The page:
With Audible recently releasing its audio drama adaptation of Neil Gaiman's The Sandman, it's natural for fans of the influential, award-winning comic book series to start turning their attention to the upcoming live-action series. Stemming from Gaiman, Allan Heinberg (Wonder Woman, Grey's Anatomy), David Goyer (Hellraiser, Constantine), and Warner Bros. Television Group, the series was given an 11-episode green light back in 2019. Since then, we've already learned a few things about the series, like the comic book's timeline being tweaked to match more current times, that the production team's been thinking/working in "two seasons" mode, and that Gaiman was "taking notes" on the audio cast for potential casting options.
Gaiman took some time to discuss the project further with the Radio Times, emphasizing that the series will give the team a large enough of a sandbox to play in to develop an adaptation that is faithful to the comics without having to make any harsh decisions editing-wise. "I've been saying for 30 years that I would rather have no Sandman than a bad Sandman. The problem with making a Sandman film is, the first question you get into is 'What do you throw out?'", Gaiman explained. "I've read lots of scripts that ranged from the appalling to 'OK, they might be able to pull this off'. But you always read them going, 'Well, it's not quite Sandman. It's taking some Sandman stuff from over here, and taking some Sandman stuff over there, and blending it together.'"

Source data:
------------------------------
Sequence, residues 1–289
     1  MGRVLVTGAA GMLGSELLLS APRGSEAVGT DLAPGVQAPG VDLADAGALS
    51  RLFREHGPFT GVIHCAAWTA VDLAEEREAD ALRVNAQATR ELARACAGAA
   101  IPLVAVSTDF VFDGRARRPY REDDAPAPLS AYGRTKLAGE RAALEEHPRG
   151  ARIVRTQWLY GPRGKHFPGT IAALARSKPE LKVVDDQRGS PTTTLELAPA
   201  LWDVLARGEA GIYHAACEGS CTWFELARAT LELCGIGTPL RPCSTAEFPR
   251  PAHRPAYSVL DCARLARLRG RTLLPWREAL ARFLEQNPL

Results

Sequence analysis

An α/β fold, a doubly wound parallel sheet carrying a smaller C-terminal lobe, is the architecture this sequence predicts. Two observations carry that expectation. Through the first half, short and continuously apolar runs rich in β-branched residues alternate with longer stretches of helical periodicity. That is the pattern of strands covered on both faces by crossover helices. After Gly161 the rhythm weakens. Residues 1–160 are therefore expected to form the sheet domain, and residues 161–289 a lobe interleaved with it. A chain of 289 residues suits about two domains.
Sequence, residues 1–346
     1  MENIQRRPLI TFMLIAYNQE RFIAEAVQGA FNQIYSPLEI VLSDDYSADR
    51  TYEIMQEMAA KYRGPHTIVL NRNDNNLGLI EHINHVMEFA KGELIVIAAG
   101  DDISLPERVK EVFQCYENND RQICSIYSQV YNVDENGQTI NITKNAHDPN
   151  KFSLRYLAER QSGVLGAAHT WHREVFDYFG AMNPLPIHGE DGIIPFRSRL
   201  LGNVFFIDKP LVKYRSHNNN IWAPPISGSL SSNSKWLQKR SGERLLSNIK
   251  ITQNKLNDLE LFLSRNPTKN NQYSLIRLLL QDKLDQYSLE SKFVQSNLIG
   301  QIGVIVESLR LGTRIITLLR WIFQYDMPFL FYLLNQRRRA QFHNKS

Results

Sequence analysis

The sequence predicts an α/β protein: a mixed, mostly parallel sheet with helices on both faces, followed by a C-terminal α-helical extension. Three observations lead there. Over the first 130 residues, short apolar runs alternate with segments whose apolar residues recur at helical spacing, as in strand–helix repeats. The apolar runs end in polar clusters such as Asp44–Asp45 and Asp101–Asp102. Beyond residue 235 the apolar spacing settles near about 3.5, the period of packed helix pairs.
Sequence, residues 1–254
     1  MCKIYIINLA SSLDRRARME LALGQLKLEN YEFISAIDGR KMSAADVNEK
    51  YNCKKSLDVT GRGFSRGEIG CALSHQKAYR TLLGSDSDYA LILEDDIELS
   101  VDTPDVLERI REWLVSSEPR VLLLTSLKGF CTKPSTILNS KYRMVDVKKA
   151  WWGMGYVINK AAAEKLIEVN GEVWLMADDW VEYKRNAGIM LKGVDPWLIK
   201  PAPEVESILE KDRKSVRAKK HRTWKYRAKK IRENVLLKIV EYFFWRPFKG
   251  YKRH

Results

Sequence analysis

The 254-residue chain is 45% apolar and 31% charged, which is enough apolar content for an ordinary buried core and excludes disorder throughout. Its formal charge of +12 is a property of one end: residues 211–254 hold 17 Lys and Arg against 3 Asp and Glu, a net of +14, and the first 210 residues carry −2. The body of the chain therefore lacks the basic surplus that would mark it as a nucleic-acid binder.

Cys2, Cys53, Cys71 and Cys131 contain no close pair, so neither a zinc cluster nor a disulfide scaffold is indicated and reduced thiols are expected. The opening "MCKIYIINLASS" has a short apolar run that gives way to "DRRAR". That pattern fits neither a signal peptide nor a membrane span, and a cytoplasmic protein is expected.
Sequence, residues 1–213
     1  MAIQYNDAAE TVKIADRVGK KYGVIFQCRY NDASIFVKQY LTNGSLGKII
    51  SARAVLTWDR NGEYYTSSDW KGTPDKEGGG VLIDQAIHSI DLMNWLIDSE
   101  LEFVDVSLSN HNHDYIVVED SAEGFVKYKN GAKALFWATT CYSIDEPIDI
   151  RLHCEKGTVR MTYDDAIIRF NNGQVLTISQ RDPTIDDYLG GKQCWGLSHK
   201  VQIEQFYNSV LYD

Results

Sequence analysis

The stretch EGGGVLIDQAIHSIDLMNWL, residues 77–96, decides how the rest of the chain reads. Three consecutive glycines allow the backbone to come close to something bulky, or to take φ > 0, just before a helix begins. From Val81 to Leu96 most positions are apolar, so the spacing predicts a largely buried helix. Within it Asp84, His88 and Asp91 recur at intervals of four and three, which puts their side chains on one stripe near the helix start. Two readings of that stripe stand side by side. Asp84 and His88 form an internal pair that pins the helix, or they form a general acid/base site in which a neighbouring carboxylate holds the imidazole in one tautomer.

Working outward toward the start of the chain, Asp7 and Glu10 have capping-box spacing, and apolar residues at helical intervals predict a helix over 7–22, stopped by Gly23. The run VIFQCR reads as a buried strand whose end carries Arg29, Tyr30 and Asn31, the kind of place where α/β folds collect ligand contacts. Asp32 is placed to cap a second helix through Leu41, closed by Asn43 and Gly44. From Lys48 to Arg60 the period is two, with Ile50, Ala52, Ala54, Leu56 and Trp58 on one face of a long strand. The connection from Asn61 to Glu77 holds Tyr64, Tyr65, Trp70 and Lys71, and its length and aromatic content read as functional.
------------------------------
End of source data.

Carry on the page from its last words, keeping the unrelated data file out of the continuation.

In fact, Gaiman revealed that most of the previous efforts to adapt the series for the big screen involved mashing-up "Preludes and Nocturnes" and "The Doll's House"- and as Gaiman puts it, in a "not very exciting way." With an 11-episode first season and expectations of a second, the series will have the room it needs to tell its tale: "The joy for doing it as a Netflix series is we aren't in the place where we're throwing things out. In fact, it's the other way round. Sometimes that means that a lot more stuff gets to happen because we have room for it. But we're never throwing things out, and we're never abandoning things. And that, in itself, is a complete joy."
Of course, you can't bring up The Sandman and Netflix to Gaiman (we think it's required by law at this point) without mentioning the success that a certain devilish supporting character from the comic book series is having over at the streamer. For Gaiman, it's a sign of Netflix's commitment to the franchise overall: "What's also nice is the amount of confidence that Netflix has in us. They're prepared to go, 'Look, if Lucifer can be a huge hit, and Lucifer is taking a tiny little bit of Sandman and building it up from there, let's see what Sandman itself can do.'"
Heinberg will write and serve as showrunner on the series, with Gaiman set to executive produce alongside Goyer, with both having been attached to the original New Line feature film effort. Gaiman's multi-genre tale centers on Morpheus, the Lord of Dreams, and the Endless, the powerful group of siblings: Destiny, Death, Destruction, Despair, Desire, and Delirium. Warner Bros. shopped the television project to a number of networks and streaming services – including "family member" HBO, who reportedly passed on the series based on the expected price tag attached. Netflix made the winning bid with a direct-to-series order, seeing the series as a potential "tent pole" for the streamer as Game of Thrones was for HBO.